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Background:

Failure of ulcer healing may be critically important to the development of serious gastrointestinal complications in patients on long-term NSAIDs.

Aim:

To determine the effect of indometacin, celecoxib, a cyclooxygenase-2-specific inhibitor, and nabumetone, a pro-drug, on ulcer healing rates in the rat.

Methods:

Gastric ulcers were induced using a cryoprobe. An NSAID or a vehicle control was administered to groups of eight rats for 3 or 6 days (2 mg/kg indometacin, 9 mg/kg celecoxib or 40 mg/kg nabumetone). The ulcer area was measured and epithelial proliferation at the ulcer margins was measured histochemically. The effect of the drugs on intestinal prostaglandin levels was also assessed.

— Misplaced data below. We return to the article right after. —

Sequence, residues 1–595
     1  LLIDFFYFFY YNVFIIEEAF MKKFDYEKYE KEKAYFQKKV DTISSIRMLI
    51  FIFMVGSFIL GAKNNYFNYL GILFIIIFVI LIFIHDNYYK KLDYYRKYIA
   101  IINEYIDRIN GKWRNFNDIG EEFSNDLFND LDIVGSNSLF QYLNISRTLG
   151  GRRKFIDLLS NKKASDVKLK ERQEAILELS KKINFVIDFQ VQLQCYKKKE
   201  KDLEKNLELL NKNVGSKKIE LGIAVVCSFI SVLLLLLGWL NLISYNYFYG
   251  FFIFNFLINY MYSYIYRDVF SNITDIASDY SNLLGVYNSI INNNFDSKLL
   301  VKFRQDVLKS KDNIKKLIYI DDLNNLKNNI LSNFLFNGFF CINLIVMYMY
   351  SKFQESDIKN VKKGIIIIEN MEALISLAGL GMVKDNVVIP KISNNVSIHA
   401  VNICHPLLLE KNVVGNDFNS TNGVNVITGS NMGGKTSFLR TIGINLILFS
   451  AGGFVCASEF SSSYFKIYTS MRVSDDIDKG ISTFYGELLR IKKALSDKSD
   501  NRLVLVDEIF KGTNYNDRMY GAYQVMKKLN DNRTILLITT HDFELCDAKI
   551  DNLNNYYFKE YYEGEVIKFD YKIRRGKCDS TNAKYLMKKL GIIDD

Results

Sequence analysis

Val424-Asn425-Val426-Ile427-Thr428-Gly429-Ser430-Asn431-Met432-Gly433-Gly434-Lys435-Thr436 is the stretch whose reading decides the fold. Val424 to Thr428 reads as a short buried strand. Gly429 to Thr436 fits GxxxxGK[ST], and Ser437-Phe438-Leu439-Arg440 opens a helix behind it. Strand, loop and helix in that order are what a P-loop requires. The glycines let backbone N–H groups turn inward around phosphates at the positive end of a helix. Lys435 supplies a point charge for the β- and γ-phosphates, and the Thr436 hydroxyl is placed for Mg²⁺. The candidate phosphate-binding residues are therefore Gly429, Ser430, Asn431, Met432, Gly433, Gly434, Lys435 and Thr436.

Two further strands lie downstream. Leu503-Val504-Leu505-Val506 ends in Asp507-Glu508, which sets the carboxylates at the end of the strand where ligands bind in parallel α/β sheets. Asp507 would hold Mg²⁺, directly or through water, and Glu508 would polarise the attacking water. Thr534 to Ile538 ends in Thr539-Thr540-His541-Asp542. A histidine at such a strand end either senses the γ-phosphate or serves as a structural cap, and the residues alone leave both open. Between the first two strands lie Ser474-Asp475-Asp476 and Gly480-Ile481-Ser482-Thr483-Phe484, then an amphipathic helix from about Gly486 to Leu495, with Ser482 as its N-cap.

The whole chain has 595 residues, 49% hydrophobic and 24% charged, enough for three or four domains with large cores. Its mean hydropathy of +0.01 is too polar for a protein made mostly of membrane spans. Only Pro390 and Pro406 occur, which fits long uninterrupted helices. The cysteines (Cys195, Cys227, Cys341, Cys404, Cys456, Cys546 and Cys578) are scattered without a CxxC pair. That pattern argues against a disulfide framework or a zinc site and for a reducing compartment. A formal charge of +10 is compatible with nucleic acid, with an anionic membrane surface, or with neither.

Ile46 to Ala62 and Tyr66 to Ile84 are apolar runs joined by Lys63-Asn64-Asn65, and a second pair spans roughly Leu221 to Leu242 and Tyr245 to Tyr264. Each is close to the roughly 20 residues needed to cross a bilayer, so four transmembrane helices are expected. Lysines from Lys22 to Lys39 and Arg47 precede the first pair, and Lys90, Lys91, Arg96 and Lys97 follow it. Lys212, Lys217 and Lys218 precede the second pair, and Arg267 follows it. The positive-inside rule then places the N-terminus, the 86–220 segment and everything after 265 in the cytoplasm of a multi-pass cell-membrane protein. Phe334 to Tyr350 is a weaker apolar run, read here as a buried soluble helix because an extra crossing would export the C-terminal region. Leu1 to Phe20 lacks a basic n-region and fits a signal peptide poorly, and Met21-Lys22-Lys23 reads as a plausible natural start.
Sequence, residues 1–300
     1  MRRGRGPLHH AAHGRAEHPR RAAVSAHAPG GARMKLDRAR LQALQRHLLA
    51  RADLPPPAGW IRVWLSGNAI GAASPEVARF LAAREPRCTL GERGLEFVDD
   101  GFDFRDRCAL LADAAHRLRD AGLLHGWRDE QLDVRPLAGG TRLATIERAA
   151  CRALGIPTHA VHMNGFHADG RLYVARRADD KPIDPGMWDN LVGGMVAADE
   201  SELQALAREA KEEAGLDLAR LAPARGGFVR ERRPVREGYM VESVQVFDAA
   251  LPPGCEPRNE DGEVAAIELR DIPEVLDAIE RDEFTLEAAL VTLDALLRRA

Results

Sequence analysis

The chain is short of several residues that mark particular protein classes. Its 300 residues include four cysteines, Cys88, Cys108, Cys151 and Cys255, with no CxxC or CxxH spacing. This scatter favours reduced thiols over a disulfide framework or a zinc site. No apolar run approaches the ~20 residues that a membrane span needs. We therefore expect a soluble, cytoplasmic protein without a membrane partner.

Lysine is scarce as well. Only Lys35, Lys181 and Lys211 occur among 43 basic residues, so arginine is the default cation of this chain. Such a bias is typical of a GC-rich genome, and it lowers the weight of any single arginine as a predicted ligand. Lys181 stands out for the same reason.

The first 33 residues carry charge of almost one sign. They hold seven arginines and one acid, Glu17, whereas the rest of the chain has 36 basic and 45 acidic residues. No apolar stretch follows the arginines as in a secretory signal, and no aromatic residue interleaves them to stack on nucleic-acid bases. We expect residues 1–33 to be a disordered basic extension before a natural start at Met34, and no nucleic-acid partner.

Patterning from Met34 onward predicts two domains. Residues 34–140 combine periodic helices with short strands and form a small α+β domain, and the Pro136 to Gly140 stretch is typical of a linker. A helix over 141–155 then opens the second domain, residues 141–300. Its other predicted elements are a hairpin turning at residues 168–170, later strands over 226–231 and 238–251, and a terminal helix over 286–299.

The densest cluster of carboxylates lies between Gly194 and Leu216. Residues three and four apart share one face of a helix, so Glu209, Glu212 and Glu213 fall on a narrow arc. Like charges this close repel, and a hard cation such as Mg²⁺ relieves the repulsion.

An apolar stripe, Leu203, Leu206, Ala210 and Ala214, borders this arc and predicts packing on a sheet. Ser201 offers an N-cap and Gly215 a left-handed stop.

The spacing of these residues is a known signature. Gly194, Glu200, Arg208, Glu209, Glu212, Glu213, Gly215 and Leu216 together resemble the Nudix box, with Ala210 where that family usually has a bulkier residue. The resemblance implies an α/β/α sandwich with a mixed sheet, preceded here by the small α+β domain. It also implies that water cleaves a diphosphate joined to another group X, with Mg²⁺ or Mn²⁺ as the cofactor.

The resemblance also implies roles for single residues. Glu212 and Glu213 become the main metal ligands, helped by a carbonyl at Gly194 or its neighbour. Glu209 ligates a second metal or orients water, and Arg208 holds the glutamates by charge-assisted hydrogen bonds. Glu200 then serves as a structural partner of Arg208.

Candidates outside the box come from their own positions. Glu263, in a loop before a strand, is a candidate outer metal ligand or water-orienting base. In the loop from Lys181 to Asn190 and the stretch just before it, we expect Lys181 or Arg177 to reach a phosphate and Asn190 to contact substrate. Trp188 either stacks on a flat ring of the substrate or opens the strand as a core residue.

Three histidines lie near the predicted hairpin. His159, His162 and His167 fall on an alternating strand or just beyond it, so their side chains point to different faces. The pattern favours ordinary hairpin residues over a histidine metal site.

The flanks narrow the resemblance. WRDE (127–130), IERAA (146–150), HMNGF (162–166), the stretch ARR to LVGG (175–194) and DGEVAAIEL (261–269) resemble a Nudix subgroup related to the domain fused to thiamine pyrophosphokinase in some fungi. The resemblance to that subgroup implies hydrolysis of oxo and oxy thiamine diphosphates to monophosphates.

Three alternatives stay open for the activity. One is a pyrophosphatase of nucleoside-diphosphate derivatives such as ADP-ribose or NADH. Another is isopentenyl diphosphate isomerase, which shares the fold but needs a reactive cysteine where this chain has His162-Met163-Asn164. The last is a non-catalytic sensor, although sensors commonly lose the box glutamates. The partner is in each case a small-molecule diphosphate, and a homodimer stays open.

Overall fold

Results:

The mean ulcer sizes in the four groups on day 3 were comparable. On day 6, control animals and those receiving nabumetone showed significant ulcer healing (< 0.02), while the mean ulcer sizes in the indometacin (< 0.01) and celecoxib (< 0.02) groups were significantly larger than those in the control group. Higher doses of nabumetone (160 mg/kg), however, impaired healing. Intestinal prostaglandins were reduced (< 0.01) only in indometacin-treated animals. The epithelial proliferation index was significantly lower among indometacin- (P=0.02) and celecoxib-treated (P=0.03) animals compared to controls at day 3.

Conclusions:

Celecoxib and indometacin both decreased the epithelial proliferative response and delayed healing of cryoprobe-induced gastric ulcers. In contrast, nabumetone impaired ulcer healing only at very high doses.